The establishment of the State of Israel marked a radical change in the reality of Jewish life. As such it required radical rethinking of some aspects of Judaism and halakha (Jewish law) as well. Some called for the establishment of a Sanhedrin to deal with these problems, but this was not done and probably couldn't have been done at that time.
Now, however, a self-appointed group calling itself The New Sanhedrin has seemingly taken this responsibility upon itself - with questionable results. At a recent meeting in Jerusalem, with Rabbi Shmuel Eliyahu, the chief rabbi of Safed, Rabbi Yaakov Yosef and Rabbi Menachem Porush, this group issued a halakhic declaration against selling Jewish-owned land in Israel to Arabs. Not only did they declare the practice forbidden, they also ruled that any Jew who does so may not lead prayers, be called to the Torah or be counted in a minyan. While not a exactly constituting excommunication, such sanctions would still be very serious for an observant Jew.
If that is their way of thinking, it is apparent to me that we are better off without a New Sanhedrin, or at least without this group handling the radical rethinking that may be needed today. If this is Jewish law, then I for one certainly do not want a state ruled by halakha.
What would we say if any modern democratic nation were to outlaw the purchase of land by Jews? For that matter, how do we respond when we hear of similar rulings among Palestinian leaders? Shouldn't we be beyond a similar anti-gentile law in Judaism?
Non-Jews live here and are citizens with equal rights. They are entitled to equal protection under the law, although here, as in many countries, the law and the reality of life for minorities are not always the same. But for Jewish law to discriminate against them with regard to property rights, among other things, is to bring Judaism into disrepute in the eyes of the world, to say nothing of rendering the religion less than just and righteous in Jewish eyes as well.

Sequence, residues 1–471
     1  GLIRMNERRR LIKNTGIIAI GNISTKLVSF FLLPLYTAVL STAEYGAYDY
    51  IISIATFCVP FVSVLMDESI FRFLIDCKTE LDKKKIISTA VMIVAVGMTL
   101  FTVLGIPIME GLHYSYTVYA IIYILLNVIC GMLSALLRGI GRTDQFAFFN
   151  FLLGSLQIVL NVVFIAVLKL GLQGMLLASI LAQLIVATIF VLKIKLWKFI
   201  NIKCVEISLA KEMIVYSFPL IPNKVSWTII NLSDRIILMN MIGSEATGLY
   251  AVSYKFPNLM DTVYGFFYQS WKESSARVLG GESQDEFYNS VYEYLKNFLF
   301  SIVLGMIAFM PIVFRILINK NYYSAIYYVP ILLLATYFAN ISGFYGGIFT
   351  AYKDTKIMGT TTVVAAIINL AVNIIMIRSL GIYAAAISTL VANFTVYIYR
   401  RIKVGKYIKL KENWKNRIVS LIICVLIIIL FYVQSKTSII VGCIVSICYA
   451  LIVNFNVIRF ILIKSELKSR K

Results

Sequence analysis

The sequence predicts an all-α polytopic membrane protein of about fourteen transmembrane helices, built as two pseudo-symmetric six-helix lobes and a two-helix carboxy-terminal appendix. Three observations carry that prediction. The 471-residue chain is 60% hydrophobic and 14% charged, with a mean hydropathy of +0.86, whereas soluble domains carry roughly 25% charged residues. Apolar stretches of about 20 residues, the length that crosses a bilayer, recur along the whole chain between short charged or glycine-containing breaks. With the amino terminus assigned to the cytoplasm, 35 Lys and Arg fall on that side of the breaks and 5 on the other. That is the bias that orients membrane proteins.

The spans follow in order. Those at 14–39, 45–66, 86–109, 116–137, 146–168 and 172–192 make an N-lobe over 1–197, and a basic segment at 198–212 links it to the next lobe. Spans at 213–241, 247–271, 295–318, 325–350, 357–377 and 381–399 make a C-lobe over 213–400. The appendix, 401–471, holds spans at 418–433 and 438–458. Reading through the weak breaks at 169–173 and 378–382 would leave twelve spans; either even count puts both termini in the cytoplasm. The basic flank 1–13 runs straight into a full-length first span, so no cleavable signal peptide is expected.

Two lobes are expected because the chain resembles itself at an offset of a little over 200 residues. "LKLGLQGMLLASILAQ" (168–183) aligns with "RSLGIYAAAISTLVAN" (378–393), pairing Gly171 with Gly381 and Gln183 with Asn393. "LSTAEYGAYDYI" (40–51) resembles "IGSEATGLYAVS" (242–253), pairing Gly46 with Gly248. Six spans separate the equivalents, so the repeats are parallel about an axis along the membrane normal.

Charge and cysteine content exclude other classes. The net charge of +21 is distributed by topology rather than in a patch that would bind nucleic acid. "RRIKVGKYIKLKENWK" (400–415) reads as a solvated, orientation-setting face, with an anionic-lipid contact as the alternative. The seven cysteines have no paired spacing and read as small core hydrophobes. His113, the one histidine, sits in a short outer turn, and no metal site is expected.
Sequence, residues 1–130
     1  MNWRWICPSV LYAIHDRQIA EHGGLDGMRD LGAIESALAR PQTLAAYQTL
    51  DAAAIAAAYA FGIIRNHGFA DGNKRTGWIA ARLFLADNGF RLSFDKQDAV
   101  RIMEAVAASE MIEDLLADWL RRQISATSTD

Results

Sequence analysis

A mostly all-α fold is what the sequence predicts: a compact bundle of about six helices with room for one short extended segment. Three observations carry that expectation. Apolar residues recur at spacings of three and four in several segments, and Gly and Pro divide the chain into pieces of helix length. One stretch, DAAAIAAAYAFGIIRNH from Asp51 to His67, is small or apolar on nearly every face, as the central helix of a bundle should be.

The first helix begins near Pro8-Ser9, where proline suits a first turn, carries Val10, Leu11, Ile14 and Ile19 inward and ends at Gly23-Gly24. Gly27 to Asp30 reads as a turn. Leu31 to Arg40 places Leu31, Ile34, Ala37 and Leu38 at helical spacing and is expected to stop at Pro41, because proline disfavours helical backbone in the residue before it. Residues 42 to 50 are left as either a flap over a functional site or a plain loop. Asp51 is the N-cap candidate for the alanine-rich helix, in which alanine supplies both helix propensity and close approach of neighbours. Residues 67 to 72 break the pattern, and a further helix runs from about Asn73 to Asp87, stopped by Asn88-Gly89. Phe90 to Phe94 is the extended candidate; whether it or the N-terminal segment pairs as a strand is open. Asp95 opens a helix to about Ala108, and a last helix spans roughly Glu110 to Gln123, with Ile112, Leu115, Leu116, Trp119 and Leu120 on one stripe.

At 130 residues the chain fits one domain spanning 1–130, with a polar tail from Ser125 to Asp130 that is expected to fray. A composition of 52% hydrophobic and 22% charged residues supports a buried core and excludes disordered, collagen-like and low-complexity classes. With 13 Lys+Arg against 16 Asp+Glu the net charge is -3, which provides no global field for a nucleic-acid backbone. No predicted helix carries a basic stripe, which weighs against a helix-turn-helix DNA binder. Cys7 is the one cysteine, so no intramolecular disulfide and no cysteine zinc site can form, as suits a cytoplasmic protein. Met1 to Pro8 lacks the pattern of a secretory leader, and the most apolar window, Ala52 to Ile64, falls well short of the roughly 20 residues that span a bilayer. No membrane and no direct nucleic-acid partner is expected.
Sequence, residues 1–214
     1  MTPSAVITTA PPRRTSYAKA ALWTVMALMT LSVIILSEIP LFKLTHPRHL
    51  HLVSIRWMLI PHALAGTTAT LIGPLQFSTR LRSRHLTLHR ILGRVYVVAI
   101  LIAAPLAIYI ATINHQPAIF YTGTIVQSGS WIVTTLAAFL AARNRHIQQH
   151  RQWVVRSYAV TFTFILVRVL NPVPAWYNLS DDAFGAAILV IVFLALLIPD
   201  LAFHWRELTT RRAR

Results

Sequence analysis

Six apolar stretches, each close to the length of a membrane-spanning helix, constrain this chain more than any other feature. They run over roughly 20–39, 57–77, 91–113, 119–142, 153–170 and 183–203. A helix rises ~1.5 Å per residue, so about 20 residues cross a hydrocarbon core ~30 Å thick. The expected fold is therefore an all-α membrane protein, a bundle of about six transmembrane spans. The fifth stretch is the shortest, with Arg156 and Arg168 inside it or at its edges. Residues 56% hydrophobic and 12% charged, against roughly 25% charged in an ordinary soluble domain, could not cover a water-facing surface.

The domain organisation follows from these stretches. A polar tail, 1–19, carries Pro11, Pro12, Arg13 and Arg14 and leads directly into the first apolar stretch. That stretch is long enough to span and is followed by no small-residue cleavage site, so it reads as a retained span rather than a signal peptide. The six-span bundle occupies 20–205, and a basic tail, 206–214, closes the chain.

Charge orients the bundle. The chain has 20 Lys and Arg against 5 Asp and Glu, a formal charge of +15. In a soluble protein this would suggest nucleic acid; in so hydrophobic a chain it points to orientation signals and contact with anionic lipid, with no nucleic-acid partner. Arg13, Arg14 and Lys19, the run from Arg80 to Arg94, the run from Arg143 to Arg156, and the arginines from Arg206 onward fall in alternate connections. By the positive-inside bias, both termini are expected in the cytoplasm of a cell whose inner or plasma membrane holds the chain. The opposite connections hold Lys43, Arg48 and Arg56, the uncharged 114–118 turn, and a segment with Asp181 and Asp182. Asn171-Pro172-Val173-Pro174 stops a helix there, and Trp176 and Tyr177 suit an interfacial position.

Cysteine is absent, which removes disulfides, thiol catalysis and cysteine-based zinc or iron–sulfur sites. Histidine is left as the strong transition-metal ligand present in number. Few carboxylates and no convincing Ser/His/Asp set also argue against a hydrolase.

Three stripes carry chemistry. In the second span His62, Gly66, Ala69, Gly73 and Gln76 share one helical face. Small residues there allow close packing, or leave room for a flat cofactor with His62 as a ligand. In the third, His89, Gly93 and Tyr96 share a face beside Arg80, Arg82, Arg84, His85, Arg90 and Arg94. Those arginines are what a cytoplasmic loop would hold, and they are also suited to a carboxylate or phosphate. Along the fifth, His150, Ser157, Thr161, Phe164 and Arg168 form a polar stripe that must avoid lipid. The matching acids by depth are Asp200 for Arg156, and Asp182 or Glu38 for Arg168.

One would have to look hard to find justification for such discrimination in the Torah. Rather, such an attitude is the consequence of years of exile. Indeed many of the enactments found in the Talmud and later codes reflect the conditions of exilic life rather than of a sovereign nation.
Many laws were formulated for theoretical situations that might exist one day when sovereignty was restored but had no relation to reality. A negative attitude toward non-Jews was expressed that was a reaction to persecution and discrimination at their hands. Many laws and attitudes toward the Land of Israel were viewed through the lens of statelessness and the danger that Jews who remained in the Land would abandon it.
Today we live in an entirely different reality.
The philosopher Yeshayahu Leibowitz insisted that Jewish law must recognize the needs of a Jewish state in such matters as Shabbat observance. But there are many areas aside from ritual matters that need to be addressed as well if Jewish law is to successfully confront the reality of Israeli statehood.
The studies of Jewish law and of Jewish life in general that have been undertaken since the 19th century have shown without a doubt that changes in Jewish law have always taken place in response to new political, economic and philosophical realities under which Jews have lived.
As we have seen, not all the changes that exile caused Jewish law to undergo were negative. The Judaism that emerged sometime during the Second Temple period and thereafter, as codified in the Mishna at the beginning of the third century C.E., was substantially different in practice and even in belief from that which is found in Scripture. Later, life in the Middle Ages had its own needs and these too were met by poskim who found ways to accommodate law to necessity.
As one of the outstanding scholars of Jewish scientific study, Solomon Schechter, wrote: "Liberty was always given to the great teachers of every generation to make modifications and innovations in harmony with the spirit of existing institutions. Hence a return to Mosaism would be illegal, pernicious and indeed impossible."
In one way or another, the sages made progressive changes, reinterpreting some laws of the Torah and making the death penalty a virtual impossibility. Indeed authorities found it possible, through the use of such principles as "the ways of peace" and "beyond the scope of strict law," to modify and expand many teachings in the direction of greater tolerance and justice.
Thinking no less bold is needed today to retain the continuity of Jewish life, law and lore from the Torah onward, yet to make the modifications required by the new reality in which we live. How unfortunate that we do not have a religious leadership that has the courage and ability to do so.
We may not need a Sanhedrin, but we do need religious leaders who are committed to Jewish law and recognize the way in which it grows and changes to meet the needs of the times. We need leaders who will seriously tackle the question of adopting halakha to the conditions of statehood and sovereignty.
Rabbi Reuven Hammer is the head of the Rabbinical Court of Israel's Masorti (Conservative) Movement and a former president of the movement's International Rabbinical Assembly.
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